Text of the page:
By Henry S. Richardson
A huge amount of ethical angst swirls around the topic of informed consent. Can lay people who are considering signing up as subjects in a medical study really be made to understand the risks they are facing? Can information about these risks be communicated across cultural and educational gulfs? What degree of informed understanding should we expect subjects to have, anyway?
Underlying the process of informed consent, though, is a simpler and more fundamental issue. The one-sided focus of the medical-research ethics establishment on preventing harms and abuses has obscured this core function from view. We need to remember why consent is needed for participation in medical research in the first place. It is needed because the researchers need the subjects’ permission to do things that otherwise would be wrong to do. It is wrong to examine and touch people’s naked bodies in the ways researchers need to do, to collect samples of their blood, urine, and feces, and to collect detailed information on their medical histories without getting their permission. Their permission, or consent, is needed for a study to go on in a way that does not violate their rights not to be viewed or touched, not to have their tissue samples collected, and not to have detailed information about their medical histories shared without their permission. For short, we can call all of these “privacy” rights. These privacy rights are “don’t intrude” rights, not “don’t spill my secrets” rights. The latter, confidentiality rights, apply only after the bodies have been probed and assessed, the tissue samples have been examined and tested, and the medical histories stored.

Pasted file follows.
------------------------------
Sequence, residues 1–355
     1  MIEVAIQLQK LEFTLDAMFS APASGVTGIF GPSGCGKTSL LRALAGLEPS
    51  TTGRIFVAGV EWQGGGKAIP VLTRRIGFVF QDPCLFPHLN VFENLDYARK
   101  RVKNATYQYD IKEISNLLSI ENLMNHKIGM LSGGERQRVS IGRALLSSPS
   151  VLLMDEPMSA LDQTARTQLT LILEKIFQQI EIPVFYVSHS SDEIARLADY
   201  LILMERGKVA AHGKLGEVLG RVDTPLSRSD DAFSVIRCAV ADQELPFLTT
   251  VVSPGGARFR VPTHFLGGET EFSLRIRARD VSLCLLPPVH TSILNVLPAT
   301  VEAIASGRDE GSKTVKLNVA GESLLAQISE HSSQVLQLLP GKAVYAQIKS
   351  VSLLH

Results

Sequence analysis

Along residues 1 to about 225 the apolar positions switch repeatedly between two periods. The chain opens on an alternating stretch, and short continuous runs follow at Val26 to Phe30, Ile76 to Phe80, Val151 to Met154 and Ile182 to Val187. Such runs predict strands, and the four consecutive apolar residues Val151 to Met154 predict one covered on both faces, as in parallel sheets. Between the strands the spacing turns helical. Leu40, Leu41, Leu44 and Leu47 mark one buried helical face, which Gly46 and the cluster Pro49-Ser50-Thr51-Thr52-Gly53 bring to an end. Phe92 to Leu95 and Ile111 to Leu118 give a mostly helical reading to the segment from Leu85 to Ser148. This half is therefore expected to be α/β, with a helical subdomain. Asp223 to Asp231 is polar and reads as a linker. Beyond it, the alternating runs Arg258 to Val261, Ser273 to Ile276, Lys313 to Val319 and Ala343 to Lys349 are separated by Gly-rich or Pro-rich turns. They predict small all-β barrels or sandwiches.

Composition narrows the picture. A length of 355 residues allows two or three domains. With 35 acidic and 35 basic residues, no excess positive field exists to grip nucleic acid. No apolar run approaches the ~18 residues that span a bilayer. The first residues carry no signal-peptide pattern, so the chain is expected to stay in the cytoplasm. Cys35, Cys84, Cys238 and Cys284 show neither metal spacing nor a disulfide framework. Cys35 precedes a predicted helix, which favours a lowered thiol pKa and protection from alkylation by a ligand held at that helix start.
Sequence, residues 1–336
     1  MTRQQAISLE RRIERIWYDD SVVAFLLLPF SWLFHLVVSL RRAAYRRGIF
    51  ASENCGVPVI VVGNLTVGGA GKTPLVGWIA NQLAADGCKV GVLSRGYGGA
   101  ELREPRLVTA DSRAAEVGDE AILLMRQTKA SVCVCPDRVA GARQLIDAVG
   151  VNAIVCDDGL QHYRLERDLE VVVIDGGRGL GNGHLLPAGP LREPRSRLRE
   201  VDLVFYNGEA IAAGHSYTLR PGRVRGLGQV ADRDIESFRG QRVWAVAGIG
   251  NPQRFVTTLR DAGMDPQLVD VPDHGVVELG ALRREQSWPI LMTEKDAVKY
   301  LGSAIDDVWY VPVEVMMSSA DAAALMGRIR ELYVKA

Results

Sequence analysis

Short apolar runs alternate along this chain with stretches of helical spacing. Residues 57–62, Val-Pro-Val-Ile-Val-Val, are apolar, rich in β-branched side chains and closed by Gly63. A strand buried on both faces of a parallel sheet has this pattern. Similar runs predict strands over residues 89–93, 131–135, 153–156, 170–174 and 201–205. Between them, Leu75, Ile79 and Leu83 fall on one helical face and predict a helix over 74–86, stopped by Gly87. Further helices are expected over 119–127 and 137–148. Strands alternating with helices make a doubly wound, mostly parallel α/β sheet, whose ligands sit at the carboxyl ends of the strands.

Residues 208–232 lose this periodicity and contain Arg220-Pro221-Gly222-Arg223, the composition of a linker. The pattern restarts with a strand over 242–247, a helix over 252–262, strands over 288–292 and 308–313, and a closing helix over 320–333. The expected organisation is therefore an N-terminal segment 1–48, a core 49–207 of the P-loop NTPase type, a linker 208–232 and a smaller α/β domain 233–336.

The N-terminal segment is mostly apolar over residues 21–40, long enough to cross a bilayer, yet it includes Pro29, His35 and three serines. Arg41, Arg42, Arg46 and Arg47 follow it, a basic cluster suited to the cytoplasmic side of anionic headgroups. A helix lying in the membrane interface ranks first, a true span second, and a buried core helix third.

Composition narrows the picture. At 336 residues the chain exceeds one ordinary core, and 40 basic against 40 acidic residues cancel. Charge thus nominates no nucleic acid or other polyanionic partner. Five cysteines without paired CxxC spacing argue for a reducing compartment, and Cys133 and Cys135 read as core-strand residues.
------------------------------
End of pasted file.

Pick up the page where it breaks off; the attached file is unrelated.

Medical researchers are often not the personal physicians of their research subjects. To them, their research subjects are not their patients. Such medical researchers thus presumably do not owe the full set of moral responsibilities to their subjects that physicians do to their patients. Nonetheless, by asking their research subjects for special permission to touch or probe them, to collect tissue or fluid samples from them, or to elicit and transcribe their medical histories, medical researchers become morally entangled in the lives and needs of their subjects. This happens because they have asked these people to waive some of their privacy rights – their “don’t intrude” rights — and these people have complied with this request.